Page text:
What I'm Learning From Hardship: #ifjobhadatwitter

#ifjobhadatwitter. These are the lessons I have learned in a month-long study of The Book of Job. What would job say if he had a Twitter?

Job’s Twitter #1: “What I’m learning from hardship: Too often we see the loss in a story and we do not see the gain that is so obvious.” 

While reading the story of Job, did you miss the recovery? Have you always gotten stuck on the problem and missed the answer? There is always grace in every story. When God is writing the verse and the lines, you have to read the story all the way to the end. God will never create a story that has a bad ending. It may seem like in the middle of the story that everything is wrong, but, you have to finish the story. And see the gain and not only the loss. When God gives back to Job double what was taken.

I speak with young people every day and hear so many stories of tragedy and loss, of chaos and drama. One thing I have always tried to get teenagers to see is that God always has a purpose in everything under the sun as it relates to us. He can turn our mess into His message and He can take our chaos and throw it on His canvass and create a masterpiece. 

A Magnum Opus 

His greatest work. Since hardship and trial are part of Christianity and scripture, why are we so upset about hardship and trial in Christians and culture? Maybe you have lost a friend or maybe you have lost your integrity. Whatever it is, don’t forget that as long as the story is still being written, there will be a gain in the end. A Magnus Opus is the perfect work of an artist. The pinnacle. And God always works in addition and not subtraction.

Young people, when you think of Job or Paul, don't say, “Those Poor Guys.” If you do, you are merely looking at the bad and not seeing the purpose it might be producing. Why are we still talking about Job today? Because of the incredible story of his life. His impact upon history and the way he modeled how we should go through hardship. God knows how to turn it around. As Joseph said to his entire family at the end of his story in Genesis, "
You intended to harm me, but God intended it for good to accomplish what is now being done, the saving of many lives." (Genesis 50:20) Next time you see the inequity in your own life, don't focus upon the loss and completely miss what God is doing. Focus upon the gain and the purpose that God is intending in the hardship.

Lunch With Job

You may not ever want to sit at the table with Job in heaven. Picture this - If you have had an easy life, choose someone else to sit and talk to. If you look at difficulty as unfair, choose someone else to eat with. If you have been angry with God for something you are going through, choose another table. If you have become bitter toward a friend who is better off than you, choose another table. Those are conversations you do not want to have with Job or Paul…or Joseph or Daniel…or Esther or Mary. If you have lived a life of ease, you might want to find the table of a 21st century Western American Christian who has had a plush life in their comfortable theology of ease. That would be a much easier conversation.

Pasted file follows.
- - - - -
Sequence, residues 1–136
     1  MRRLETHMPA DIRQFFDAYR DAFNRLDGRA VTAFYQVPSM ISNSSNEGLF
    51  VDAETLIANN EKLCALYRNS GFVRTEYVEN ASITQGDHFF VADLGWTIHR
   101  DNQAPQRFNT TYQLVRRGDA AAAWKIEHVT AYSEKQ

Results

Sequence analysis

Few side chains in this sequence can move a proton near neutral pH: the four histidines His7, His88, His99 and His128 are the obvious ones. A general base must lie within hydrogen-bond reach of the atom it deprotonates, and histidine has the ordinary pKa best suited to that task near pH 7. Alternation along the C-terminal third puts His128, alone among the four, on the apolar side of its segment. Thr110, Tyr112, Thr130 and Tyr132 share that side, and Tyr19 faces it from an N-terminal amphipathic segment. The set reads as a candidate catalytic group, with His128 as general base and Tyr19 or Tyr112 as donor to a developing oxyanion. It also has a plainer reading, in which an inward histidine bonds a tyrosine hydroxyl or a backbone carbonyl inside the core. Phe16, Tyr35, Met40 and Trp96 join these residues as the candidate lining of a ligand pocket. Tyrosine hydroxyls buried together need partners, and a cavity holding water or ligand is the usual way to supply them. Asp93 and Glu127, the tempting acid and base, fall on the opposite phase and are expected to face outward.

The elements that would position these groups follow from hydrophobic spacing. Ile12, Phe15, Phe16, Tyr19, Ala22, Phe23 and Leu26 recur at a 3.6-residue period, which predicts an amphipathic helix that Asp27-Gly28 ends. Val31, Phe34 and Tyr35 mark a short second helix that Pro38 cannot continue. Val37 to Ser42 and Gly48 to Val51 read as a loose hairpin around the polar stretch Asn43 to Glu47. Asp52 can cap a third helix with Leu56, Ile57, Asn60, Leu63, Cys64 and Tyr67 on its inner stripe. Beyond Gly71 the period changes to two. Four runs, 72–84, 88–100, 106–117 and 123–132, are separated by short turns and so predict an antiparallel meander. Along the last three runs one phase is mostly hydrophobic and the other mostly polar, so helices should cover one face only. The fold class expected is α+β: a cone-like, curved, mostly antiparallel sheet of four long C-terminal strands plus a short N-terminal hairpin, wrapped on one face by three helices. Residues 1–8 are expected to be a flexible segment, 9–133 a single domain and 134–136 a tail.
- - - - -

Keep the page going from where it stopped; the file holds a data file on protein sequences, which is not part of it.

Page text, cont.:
And so we are led to the first lesson I have been learning from Job’s story. That we too often see the LOSS and not the GAIN. That there is more glory in the story than hardship. God is painting and He is not done with the picture. You cannot look too closely at the Artist’s painting too early. If you never get to the end of the story you will never see the GAIN. When an artist begins to work, we might look at the portrait or the painting and think that the picture is terrible. Those are just lines and scratch on a canvass! Unless you see the whole picture or the whole work, you might only see half of the artist’s talent. But, remember, God is not done. I’ve learned not to look too early on an Artist’s creation. Because if it is not complete, it will look like a mess. Like an amateur painted that. Painting a masterpiece begins with a stroke and some movements and curves and lines. Incomplete colors. Until the end. When it all comes together in a blast of color and perfectly set lines that create the great work.

You are God's great Magnum Opus. Your life is His greatest masterpiece.